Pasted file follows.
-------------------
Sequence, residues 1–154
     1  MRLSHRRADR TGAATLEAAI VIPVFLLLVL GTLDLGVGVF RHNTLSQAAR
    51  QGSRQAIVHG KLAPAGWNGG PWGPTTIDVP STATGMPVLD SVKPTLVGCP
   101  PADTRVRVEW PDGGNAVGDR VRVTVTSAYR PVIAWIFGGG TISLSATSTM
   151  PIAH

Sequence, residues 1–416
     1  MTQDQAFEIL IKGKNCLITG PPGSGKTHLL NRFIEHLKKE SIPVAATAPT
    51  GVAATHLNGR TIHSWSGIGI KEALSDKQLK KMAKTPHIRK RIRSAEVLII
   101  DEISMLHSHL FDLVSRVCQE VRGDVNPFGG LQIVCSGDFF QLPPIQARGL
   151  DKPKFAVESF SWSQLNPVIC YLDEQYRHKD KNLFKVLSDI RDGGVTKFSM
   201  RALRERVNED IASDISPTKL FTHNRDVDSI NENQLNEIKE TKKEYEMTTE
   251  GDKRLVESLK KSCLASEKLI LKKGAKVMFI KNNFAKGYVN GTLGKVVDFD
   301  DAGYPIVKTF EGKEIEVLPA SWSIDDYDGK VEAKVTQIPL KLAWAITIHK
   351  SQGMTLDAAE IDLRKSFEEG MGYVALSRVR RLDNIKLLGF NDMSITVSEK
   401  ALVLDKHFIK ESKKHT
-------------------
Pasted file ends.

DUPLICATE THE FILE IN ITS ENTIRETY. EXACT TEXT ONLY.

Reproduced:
Sequence, residues 1–154
     1  MRLSHRRADR TGAATLEAAI VIPVFLLLVL GTLDLGVGVF RHNTLSQAAR
    51  QGSRQAIVHG KLAPAGWNGG PWGPTTIDVP STATGMPVLD SVKPTLVGCP
   101  PADTRVRVEW PDGGNAVGDR VRVTVTSAYR PVIAWIFGGG TISLSATSTM
   151  PIAH

Sequence, residues 1–416
     1  MTQDQAFEIL IKGKNCLITG PPGSGKTHLL NRFIEHLKKE SIPVAATAPT
    51  GVAATHLNGR TIHSWSGIGI KEALSDKQLK KMAKTPHIRK RIRSAEVLII
   101  DEISMLHSHL FDLVSRVCQE VRGDVNPFGG LQIVCSGDFF QLPPIQARGL
   151  DKPKFAVESF SWSQLNPVIC YLDEQYRHKD KNLFKVLSDI RDGGVTKFSM
   201  RALRERVNED IASDISPTKL FTHNRDVDSI NENQLNEIKE TKKEYEMTTE
   251  GDKRLVESLK KSCLASEKLI LKKGAKVMFI KNNFAKGYVN GTLGKVVDFD
   301  DAGYPIVKTF EGKEIEVLPA SWSIDDYDGK VEAKVTQIPL KLAWAITIHK
   351  SQGMTLDAAE IDLRKSFEEG MGYVALSRVR RLDNIKLLGF NDMSITVSEK
   401  ALVLDKHFIK ESKKHT